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Andean or Peruvian opal is hard to obtain and difficult to work. To counterbalance this, it comes in lustrous transparent or opaque pastel blues, greens, browns and sometimes pinks.

Here’s something we downloaded from the internet about this semi-precious stone:

Andean Opal, also known as Peruvian opal, is mined in the Peruvian Andes and is an hydrous silica gel. It differs from other opals in that it has no fire or play of colour. Rather, Andean opals come in gentle pastel tones of aquamarine, sea-green, pink and tan. These opals range from opaque to translucent, and depending on how the stone is cut, the colour will either be clear or show the stone’s matrix and inclusions. (Like agates, some Andean opals show the scenic fern-like dendritic inclusions.)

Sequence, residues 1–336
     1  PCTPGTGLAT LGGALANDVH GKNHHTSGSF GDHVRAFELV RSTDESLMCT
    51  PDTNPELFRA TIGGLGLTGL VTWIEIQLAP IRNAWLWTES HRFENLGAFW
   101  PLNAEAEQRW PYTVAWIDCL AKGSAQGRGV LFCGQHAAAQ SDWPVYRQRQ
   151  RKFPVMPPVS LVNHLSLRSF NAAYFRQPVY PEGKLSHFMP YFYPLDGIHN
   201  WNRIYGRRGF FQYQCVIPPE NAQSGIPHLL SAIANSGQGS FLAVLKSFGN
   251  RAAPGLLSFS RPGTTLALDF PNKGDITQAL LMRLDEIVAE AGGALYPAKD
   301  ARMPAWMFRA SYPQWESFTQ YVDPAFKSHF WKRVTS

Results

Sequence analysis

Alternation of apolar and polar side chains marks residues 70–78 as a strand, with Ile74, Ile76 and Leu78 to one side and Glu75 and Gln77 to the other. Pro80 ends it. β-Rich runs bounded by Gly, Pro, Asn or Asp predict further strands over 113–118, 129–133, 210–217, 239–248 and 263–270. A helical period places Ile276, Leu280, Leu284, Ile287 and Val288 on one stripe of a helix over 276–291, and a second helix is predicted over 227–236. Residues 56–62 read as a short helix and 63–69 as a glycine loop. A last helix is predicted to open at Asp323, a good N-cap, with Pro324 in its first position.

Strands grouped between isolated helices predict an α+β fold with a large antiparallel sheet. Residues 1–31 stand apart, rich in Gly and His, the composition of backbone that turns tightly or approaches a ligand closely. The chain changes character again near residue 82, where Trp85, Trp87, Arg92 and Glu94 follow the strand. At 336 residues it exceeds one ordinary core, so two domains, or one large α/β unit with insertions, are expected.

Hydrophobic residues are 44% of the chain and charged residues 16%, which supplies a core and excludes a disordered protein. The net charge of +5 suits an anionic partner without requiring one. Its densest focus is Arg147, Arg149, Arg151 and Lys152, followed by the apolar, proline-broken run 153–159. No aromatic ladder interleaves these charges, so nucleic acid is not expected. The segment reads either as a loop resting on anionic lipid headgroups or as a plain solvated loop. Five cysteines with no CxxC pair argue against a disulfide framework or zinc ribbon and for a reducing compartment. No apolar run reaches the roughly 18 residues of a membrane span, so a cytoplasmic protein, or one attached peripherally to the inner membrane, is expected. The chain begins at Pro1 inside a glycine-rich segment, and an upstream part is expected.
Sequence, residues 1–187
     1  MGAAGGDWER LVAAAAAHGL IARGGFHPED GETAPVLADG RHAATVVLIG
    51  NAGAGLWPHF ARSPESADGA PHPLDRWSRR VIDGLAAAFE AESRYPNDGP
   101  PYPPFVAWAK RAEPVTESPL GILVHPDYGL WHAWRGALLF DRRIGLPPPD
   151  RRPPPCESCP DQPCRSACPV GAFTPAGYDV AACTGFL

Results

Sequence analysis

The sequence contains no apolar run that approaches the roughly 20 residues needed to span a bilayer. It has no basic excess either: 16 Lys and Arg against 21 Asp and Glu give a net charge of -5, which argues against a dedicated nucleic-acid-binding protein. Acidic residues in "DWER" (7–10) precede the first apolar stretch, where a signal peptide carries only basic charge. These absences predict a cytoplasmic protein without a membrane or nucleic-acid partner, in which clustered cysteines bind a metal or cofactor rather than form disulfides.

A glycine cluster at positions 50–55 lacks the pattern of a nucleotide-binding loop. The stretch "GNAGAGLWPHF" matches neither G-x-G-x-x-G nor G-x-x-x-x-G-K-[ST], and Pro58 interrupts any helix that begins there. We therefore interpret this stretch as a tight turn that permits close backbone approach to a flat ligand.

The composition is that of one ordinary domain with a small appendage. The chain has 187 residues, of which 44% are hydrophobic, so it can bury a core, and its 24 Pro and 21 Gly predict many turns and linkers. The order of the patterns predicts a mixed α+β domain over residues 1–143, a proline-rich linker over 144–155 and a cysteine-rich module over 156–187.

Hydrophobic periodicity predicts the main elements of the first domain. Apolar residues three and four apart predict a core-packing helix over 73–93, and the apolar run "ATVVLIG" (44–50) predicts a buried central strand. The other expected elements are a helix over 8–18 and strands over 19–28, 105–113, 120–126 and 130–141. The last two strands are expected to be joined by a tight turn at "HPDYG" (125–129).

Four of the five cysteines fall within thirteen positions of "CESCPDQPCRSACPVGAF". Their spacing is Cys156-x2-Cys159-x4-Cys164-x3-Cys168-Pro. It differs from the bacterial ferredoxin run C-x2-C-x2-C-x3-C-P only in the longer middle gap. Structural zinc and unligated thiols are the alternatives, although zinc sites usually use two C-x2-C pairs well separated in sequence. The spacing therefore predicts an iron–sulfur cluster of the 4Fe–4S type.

Mined as thick veins in host rocks, the green-blue Andean opal’s colour comes from trace amounts of copper. The pink opal derives its colour from trace amounts of included organic compounds known as quinones.

In pre-Hispanic Peru, the ancient Incas considered these opals sacred to the Earth goddess Pachamama, who is still worshipped in Peru, and has always been known as a generous deity, the goddess of fertility and good luck. Andean opal, which is considered a gift from the goddess as well as part of her domain, has a long history of use in ceremonial objects and jewellery.